Now’s also a good time to spread lots of love around Bend’s restaurant scene. These guys were hit extra hard by the pandemic and could use your business now, so get out there and do some dining.
If you think Mt. Bachelor is only a wintertime attraction, you’re in for a treat. The mountain’s summer season is already in full swing with the downhill mountain bike park, disc golf, ziplining, and sunset dinners at Pine Marten Lodge.
Though the High Desert Museum is closed on Independence Day, be sure to stop by on a different day during your trip. Check their schedule and time your visit for one of their stellar Raptors of the High Desert shows.
Outdoor play is Bend’s biggest draw, and you’ll find plenty of ways to embrace Mother Nature. From hiking to canoeing to fly fishing, make sure you’re scheduling some time to get your nature fix. Want to give back to those wild places that feed your soul? Consider a donation to Pledge for the Wild to help land managers tend the land and water you love.
Uh-oh…I don’t have a place to stay. Now what?
Independence Day is typically one of the busiest times of the year in Bend, so pat yourself on the back if you’ve already nailed down lodging reservations.
If you haven’t, you can browse our lodging pages as a starting point for deciding who to call about last-minute availability and cancellations. If you strike out in Bend, try one of our neighboring towns like Redmond (20 minutes away), Sisters (25-30 minutes away), Sunriver (25-30 minutes away), La Pine (45 minutes away), or Prineville (45 minutes away).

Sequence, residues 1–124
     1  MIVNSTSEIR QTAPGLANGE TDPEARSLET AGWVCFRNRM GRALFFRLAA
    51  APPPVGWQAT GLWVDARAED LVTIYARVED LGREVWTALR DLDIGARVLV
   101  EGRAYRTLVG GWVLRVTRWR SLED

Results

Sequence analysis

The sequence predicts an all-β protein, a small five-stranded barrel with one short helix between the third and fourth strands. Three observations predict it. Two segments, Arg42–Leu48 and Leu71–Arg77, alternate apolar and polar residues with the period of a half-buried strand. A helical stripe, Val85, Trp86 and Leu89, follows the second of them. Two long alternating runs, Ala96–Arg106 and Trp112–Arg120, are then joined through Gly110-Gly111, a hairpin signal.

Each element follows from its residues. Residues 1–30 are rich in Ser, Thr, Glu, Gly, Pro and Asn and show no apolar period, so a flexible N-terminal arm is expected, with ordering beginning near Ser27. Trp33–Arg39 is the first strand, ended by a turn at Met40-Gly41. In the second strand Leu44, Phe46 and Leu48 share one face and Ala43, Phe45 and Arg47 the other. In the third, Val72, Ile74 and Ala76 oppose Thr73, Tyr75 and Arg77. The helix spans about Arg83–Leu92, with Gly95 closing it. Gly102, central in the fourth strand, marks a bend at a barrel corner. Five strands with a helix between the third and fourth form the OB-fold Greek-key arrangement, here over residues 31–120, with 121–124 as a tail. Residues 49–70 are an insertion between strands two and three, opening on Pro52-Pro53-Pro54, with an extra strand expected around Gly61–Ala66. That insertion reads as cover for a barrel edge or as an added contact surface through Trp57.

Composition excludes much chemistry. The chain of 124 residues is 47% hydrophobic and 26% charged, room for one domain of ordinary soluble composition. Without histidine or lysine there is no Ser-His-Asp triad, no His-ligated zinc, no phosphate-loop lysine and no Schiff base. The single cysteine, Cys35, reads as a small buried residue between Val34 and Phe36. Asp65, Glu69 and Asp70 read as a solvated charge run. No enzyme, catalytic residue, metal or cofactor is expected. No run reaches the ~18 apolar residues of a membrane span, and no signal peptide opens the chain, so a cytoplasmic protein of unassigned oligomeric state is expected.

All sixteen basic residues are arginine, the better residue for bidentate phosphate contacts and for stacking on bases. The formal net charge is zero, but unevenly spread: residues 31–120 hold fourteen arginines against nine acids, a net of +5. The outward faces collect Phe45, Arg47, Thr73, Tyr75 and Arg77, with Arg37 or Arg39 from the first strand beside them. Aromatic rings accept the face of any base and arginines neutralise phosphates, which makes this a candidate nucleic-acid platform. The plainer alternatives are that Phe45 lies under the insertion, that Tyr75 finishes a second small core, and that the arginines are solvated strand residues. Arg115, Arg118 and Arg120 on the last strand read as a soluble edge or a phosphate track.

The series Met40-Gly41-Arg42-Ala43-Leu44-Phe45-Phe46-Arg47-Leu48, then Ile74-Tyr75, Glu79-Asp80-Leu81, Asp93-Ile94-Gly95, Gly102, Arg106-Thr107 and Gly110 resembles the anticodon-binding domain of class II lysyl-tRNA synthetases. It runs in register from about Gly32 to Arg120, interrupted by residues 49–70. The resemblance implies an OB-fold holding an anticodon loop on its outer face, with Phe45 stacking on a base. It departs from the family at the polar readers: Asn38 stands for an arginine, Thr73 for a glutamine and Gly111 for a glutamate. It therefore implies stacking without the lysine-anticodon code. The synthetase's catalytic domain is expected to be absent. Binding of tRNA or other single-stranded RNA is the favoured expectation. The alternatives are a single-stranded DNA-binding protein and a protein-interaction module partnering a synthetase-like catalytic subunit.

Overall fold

If camping’s what you’re after, keep in mind that COVID changed lots of things on that front. For starters, most campgrounds now require reservations, many of which booked up months in advance. Secondly, the pandemic caused a surge in popularity for camping and RVing, so there are tons more people trying for campsites who’d never pitched a tent two years ago. Competition is fierce for the few first-come, first-served sites out there, so know there’s a good chance you’ll strike out if you sally forth without something nailed down. Check out our complete roundup of campgrounds and RV parks to get a sense of what’s out there, and may the odds be ever in your favor!
Can I float the river?
Absolutely! After last year’s hiatus on shuttles and tube rentals, those services are back and better than ever. Check out this blog post for everything you need to know about river floating in 2021.
Anything else I should know?
We’ve all been through a lot these past 16 months. I’d give each of you a hug if I could, but let’s settle for pledging together to do our best to be patient with our fellow humans. That guy hesitating too long at a roundabout may not have left his house much while caring for an ailing loved one, so ease off the horn. That jam-packed trailhead you’re desperate to hit will still be there next year, so there’s no need to rage at fellow hikers or invent your own parking spot on the fragile forest floor. The restaurant with the really slow service might be struggling to hire enough workers in the wake of pandemic restrictions, so be patient with your server and leave a generous tip.
If we’ve learned nothing else this past year, it’s that we’re all in this together. Be kind to one another, folks. I’ll see you out on the trail.